GIS for Search & Rescue Strategies & Concepts

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Presented by Don Ferguson at 2012 WVAGP Membership Meeting.

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  • The search area is often times quite large and each task is a significant investment in time and resources so we need to have methodology for prioritizing areas to be searched. In addition while the majority of search tasks assigned over the course of a search mission do not result in the subject being found it is important to quantify the outcome in order to obtain feedback on the the search strategy be followed and as well as evaluating the overall progress.Operations Research which grew out of practices developed by the US and Britain during WWII to assist in the search for enemy submarines by the navy and resource allocation in support of the ground war has been adapted for use in wilderness SAR to assist with decision making.This includes Bayesian probability Theory which consists of assigning a probability to a hypothesis and adjusting the probability through testing without fully resolving hypothesis
  • Once we have been notified that we have a SAR mission we then need to identify where to search. There are actually a collection of methodologies that are used to define the search area. Once we have an initial planning point (or IPP), often times being the point where the subject was last seen or the last known location of the subject when can begin by considering the theoretical distance that person could of traveled in the period of time they have been missing. Historically, this would result in a circle drawn on the map the radius of which would be the product of the estimated travel speed and the time they have been missing irrespective of variations in terrain, vegetation and geographical features. Now we can develop a Least-Cost Surface Model around the IPP that incorporates Tobler’s travel speeds, vegetation and Strahler stream order.We continue to refine the search area by considering historical data related to the behaviors of lost subjects that full under a similar category or situation. I imagine Bob will speak to this more fully.And finally through the generation of behavioral and geographic profiles specific to the lost subject we formulate scenarios of where the person may be. This is a continuous process as new information is obtained. So let’s explore this idea a bit further.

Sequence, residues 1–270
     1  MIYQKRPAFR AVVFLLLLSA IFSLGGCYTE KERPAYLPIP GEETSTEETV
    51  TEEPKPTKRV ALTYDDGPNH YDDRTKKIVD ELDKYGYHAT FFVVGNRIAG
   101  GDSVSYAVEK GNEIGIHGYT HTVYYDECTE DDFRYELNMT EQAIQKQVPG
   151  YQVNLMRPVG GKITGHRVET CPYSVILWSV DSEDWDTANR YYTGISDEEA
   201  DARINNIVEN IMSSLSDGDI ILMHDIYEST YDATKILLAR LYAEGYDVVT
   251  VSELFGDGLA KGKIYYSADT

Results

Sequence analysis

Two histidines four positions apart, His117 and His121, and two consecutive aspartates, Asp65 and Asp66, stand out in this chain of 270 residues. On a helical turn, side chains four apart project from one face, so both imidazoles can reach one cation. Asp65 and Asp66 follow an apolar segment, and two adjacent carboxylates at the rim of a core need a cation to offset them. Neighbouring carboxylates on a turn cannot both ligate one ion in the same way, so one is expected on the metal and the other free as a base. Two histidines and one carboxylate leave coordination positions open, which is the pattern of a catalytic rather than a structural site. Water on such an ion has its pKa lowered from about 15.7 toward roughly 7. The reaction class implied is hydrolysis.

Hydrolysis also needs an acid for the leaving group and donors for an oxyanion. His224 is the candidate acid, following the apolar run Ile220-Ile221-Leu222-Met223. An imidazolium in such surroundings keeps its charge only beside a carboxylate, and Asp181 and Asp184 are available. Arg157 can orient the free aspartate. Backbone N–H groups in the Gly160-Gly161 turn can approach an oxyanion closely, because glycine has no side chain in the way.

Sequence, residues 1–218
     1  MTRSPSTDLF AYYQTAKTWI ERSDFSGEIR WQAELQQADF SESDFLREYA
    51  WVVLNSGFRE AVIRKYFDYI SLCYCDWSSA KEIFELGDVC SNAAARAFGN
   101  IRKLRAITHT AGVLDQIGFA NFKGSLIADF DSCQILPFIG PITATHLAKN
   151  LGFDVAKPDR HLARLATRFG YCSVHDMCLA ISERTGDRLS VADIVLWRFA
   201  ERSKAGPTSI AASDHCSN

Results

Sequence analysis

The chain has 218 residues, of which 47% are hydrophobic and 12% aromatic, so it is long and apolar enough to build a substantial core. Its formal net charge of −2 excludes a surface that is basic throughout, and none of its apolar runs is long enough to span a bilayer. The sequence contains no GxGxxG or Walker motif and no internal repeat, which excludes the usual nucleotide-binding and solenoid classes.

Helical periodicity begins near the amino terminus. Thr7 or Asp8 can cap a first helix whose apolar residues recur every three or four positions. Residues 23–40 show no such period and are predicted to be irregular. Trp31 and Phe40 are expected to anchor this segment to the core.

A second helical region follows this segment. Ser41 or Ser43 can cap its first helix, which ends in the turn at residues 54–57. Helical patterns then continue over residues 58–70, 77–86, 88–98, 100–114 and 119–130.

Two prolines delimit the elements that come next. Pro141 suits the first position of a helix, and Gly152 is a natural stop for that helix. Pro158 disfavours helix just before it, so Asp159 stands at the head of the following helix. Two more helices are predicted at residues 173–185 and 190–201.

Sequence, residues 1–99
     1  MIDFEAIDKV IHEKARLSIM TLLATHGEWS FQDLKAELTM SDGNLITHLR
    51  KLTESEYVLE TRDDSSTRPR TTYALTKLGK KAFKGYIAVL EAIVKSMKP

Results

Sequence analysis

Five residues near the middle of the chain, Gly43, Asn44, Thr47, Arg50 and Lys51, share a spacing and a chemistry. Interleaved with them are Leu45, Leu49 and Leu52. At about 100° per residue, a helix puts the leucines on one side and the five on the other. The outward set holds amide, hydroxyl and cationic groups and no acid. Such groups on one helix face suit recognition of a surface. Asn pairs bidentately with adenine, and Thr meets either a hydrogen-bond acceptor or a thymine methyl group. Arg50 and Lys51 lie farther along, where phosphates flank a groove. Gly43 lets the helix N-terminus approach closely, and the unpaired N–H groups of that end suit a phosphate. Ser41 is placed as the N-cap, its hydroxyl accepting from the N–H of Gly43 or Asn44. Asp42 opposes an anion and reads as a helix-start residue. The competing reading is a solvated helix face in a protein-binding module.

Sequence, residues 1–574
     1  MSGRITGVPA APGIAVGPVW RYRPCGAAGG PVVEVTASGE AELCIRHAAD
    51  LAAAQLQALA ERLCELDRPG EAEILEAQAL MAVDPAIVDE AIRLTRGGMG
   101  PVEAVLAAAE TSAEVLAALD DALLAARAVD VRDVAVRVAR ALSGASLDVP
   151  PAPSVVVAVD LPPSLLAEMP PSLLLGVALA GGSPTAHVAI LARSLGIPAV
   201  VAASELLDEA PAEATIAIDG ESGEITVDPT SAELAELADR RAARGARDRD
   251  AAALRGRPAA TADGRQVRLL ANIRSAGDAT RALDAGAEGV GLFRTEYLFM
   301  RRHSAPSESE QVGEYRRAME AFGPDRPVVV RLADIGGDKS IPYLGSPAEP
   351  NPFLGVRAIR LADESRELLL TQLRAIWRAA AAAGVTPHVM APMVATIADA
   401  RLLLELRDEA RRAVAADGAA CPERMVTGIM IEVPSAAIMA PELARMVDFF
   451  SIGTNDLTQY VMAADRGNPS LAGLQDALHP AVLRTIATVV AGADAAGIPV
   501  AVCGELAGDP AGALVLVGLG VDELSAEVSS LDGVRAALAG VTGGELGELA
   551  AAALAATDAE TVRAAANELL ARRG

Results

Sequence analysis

• GIS for Search & Rescue Strategies & Concepts

    1. 1. Geospatial Modeling for the Optimizationof Search and Rescue Strategies Don Ferguson, PhD Mountaineer Area Rescue Group A member of Appalachian Search and Rescue Conference WVAGP Membership Meeting November 27, 2012 Sutton, WVAppalachian Search and Rescue Mountaineer Area Rescue GroupConference
    2. 2. Where Do We Start Looking? “Search” for a missing subject could be considered the proverbial “needle in a haystack” Time is limited - Search is an emergency Subject may be injured / will not survive indefinitely Clues deteriorate over time Weather Improve PSR by Availability of resources reducing the Goal of search management is to search area maximize the probability of success at the greatest rate possible. Appalachian Search and Rescue Conference Mountaineer Area Rescue Group
    3. 3. Improving the Success Rate Majority of searches are resolved within a few hours Only about 1% – 3% required Extended Planning of operations Extended searches typically encompass relatively large geographical areas Two options for improving the Success Rate Reduce the search area Search in most likely areas first Increase the rate of detection Proper resource allocation Appalachian Search and Rescue Conference Mountaineer Area Rescue Group